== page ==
Raise the curtain on Eastside cultural center
by Jane Hague and Peter Horvitz, Guest Columnists
The tremendous energies swirling around Chris Hansen’s arena proposal have excited intense reactions, both pro and con. A small army, clad in green and gold, has successfully urged King County and Seattle lawmakers to overlook their qualms and approve the deal.
Seattle may get another arena. In the meantime, the voice of regional equity should not be lost in all the excitement.
King County’s center of gravity is in the midst of a slow, historic shift eastward. The communities on the sunrise side of the lake are poised to become a “Twin City” to Seattle, offering a powerful combination of natural beauty, abundant space for future development, global industries spawning new enterprises, superb public education, and culturally diverse, well-educated residents. As a single city it would be the 32nd largest in America, equal in size to Omaha, Neb., Tucson, Ariz., or Sacramento, Calif. But something is missing!
Two decades ago, a group of business and community leaders came together to give the Eastside what it was missing: convenient access to great performing artists and entertainers. The goal of Performing Arts Center Eastside (PACE) was to serve the expanding Eastside population. Over time, the mission grew to include not just Eastside residents, but also the Seattle arts organizations that need to reach them.
In 2010, a $25 million grant from the Tateuchi Foundation gave PACE a huge boost and a new name. Now the region has a cultural jewel within its reach: Tateuchi Center, a stunning, 2,000-seat performing arts center planned for downtown Bellevue. World-class employers, great shopping and terrific schools are all wonderful, but they don’t go quite far enough.
The irony is that the bigger and more sophisticated the Eastside gets, the less access its people have to the very things that make a city great. It’s time to fix that. And it’s past time to establish an Eastside beachhead for Seattle’s treasured performing arts groups who, to a large extent, have been nurtured for decades by Eastside patrons and donors — ardent supporters who now find themselves increasingly reluctant to cross bridges and fight traffic for a 7:30 p.m. curtain.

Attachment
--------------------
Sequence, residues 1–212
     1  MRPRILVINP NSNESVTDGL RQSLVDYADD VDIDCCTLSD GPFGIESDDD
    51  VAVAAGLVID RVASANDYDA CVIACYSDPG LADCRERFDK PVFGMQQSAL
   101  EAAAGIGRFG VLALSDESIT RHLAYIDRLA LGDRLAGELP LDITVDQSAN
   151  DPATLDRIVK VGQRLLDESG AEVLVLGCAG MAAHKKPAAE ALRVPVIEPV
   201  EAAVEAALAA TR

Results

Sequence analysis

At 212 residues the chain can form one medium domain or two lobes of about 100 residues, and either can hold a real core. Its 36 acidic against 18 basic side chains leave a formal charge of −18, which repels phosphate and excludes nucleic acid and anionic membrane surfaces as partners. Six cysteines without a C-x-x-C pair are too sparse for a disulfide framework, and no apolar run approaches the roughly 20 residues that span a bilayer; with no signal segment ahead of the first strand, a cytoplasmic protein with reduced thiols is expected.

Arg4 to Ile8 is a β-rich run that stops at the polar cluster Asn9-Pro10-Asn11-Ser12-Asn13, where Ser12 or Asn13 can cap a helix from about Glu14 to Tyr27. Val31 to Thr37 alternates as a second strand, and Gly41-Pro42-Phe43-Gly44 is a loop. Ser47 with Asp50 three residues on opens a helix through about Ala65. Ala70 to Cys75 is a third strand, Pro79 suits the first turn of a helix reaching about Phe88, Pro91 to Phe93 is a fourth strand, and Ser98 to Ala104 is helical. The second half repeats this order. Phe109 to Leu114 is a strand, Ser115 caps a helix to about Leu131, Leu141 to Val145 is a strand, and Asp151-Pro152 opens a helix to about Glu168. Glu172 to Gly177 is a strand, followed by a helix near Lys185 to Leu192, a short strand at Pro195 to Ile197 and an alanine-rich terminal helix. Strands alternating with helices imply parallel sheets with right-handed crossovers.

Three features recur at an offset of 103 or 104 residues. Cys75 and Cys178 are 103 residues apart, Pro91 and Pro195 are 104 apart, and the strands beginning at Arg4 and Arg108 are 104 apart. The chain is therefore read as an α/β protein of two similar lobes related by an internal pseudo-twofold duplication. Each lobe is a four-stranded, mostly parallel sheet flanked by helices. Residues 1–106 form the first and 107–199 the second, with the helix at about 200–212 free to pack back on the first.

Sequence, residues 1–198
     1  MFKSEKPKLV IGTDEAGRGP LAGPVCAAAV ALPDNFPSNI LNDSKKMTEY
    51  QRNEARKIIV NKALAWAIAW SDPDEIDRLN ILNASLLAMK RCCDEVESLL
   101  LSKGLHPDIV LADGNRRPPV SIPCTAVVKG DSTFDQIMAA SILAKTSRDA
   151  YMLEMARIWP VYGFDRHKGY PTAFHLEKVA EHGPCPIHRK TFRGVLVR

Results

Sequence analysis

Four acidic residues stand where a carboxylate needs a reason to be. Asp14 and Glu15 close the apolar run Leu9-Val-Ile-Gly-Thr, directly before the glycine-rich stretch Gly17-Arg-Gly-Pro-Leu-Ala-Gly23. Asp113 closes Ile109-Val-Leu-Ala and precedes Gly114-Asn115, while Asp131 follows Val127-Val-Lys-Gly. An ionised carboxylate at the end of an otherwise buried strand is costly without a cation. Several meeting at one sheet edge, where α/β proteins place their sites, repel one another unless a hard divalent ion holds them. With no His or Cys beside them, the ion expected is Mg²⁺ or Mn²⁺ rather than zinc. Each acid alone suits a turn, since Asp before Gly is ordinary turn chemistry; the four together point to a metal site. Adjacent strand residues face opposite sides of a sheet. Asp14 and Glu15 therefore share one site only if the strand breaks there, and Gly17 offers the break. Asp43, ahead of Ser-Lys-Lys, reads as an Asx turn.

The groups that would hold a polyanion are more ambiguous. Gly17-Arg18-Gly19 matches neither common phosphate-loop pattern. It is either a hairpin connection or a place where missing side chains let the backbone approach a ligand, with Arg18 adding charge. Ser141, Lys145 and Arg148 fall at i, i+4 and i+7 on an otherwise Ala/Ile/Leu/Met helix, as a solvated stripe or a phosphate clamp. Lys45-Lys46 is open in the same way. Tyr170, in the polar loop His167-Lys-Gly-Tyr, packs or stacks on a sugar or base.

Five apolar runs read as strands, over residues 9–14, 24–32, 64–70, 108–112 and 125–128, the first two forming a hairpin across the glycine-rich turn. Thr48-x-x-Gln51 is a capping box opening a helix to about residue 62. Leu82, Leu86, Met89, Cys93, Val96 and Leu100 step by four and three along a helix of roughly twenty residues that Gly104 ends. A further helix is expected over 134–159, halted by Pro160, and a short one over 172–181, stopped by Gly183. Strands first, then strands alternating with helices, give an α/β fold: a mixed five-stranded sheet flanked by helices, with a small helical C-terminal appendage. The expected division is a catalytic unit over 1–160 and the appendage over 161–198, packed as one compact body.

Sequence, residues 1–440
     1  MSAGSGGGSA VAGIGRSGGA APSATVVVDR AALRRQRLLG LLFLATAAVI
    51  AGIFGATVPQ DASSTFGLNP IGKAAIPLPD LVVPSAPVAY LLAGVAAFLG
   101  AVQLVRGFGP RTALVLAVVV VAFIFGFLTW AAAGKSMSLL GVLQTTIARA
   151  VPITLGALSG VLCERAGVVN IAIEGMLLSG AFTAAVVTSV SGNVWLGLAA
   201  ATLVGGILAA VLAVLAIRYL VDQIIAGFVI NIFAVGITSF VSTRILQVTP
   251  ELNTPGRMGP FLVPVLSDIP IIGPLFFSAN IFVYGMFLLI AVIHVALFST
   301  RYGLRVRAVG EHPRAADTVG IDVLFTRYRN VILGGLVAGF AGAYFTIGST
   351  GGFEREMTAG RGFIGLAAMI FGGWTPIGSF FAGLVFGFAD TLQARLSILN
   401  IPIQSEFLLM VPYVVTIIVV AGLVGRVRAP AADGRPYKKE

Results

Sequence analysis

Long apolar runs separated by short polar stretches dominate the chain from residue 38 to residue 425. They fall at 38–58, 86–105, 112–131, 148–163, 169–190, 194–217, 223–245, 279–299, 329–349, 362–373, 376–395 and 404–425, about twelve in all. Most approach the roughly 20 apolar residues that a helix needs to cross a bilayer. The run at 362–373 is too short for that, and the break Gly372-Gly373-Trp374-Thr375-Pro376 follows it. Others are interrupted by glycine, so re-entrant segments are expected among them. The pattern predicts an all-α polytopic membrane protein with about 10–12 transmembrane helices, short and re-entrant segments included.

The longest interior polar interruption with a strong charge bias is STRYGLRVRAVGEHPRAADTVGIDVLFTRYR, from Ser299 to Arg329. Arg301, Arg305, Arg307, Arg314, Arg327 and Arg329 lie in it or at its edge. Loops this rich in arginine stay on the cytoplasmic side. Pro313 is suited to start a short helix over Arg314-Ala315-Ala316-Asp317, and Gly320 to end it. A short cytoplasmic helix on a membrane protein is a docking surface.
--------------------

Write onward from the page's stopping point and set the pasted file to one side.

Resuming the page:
Eastside residents attend performing arts events at half the annual rate of Seattle residents, and the Eastside audience for Seattle performances is eroding at the rate of almost 10 percent a year. The reasons given are uniform: traffic, parking and tolls. The leaders of Seattle’s performing arts organizations — especially Pacific Northwest Ballet and the Seattle Symphony — understand this, and they’re enthusiastic about the prospect of performing parts of their seasons at Tateuchi Center.
Architectural design work for Tateuchi Center is complete and permits will be issued soon. The site has been secured and is perfectly located between the major east/west and north/south freeways, two blocks from the nexus of Eastside mass transit, and sitting atop 3,500 free parking spaces. An independent study projects a 10-year economic impact of $470 million and hundreds of new jobs.
Tateuchi Center isn’t merely feasible; it’s necessary in the broadest sense. It has been carefully designed to fulfill urgent cultural, social and educational needs, to be financially sound, and to extend the reach of existing performing arts organizations. Everyone stands to gain. The King County Council recently approved an ordinance modeled on the Sodo arena deal whereby county bonds can be used for a regional public facility if a city in King County has a shovel-ready proposal and a guaranteed revenue stream to cover the bond debt. With this bonding tool available, Bellevue and King County can and should “raise the curtain” now on this world-class facility that merges performing arts and major economic opportunities.
This should be a slam-dunk. Surely a region that can support a fourth arena for sporting events can support one game-changing cultural center.
JANE HAGUE is a member of the Metropolitan King County Council. PETER HORVITZ is chair of the board of directors of the Tateuchi Center.
This article was published in the Puget Sound Business Journal